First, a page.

Protests over police violence and racism continue across the country. And some state and local government leaders in New England are starting to announce changes. Boston’s Mayor Marty Walsh declared racism a public health crisis, joining several other cities and towns in the region.
“What I’m announcing today is the beginning, it’s not the end. There will be more announcements and more work that we have to do,” Walsh said at a news conference this month. He has proposed reallocating $12 million from the Boston Police Department’s overtime budget to public health, among other things.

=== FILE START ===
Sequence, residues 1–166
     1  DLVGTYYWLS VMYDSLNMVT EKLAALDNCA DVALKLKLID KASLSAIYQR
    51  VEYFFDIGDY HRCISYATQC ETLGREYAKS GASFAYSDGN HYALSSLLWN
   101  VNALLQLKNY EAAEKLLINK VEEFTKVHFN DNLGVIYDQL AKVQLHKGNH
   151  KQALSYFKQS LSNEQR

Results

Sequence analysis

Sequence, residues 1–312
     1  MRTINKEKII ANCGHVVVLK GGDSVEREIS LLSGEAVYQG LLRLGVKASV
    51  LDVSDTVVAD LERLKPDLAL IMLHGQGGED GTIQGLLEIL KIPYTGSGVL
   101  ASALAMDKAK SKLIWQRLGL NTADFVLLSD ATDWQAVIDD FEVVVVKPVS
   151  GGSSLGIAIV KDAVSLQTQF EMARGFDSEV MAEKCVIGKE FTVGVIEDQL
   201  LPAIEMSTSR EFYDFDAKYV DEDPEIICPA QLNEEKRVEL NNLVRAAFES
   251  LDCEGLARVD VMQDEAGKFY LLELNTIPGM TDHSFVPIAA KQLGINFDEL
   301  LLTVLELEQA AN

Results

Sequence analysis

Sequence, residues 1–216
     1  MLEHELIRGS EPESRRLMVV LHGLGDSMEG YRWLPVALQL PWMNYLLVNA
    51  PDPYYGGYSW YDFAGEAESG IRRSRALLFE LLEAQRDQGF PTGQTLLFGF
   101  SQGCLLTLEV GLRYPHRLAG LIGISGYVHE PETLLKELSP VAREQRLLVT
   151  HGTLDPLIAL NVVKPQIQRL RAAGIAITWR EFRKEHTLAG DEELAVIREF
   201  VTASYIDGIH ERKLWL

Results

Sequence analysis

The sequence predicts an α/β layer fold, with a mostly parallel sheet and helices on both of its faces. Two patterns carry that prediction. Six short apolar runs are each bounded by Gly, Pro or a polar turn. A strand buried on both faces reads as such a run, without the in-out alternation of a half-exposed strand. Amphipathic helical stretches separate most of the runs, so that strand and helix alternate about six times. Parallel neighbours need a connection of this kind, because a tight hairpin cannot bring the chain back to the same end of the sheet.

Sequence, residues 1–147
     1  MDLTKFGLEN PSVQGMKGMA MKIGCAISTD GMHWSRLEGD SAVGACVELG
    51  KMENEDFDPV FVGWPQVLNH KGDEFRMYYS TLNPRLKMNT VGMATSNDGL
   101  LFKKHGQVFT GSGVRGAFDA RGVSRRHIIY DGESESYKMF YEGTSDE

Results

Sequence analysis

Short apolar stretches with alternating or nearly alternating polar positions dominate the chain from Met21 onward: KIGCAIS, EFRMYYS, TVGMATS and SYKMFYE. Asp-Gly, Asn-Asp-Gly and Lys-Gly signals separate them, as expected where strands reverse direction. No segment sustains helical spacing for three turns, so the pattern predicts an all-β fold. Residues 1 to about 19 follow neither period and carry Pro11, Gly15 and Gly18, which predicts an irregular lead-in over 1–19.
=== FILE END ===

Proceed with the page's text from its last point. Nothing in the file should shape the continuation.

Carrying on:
In an interview with NEXT, Dr. Cato Laurencin described the different ways racism affects health, including racial profiling and the killing of Black people by police -- along with other pervasive problems that may seem more subtle, such as redlining in housing and unconscious bias in the medical setting.
“Racism is the prime preexisting and existing condition contributing to the negative health consequences of Black people,” said Laurencin, a professor of orthopedic surgery at the University of Connecticut and editor-in-chief of the Journal of Racial and Ethnic Health Disparities.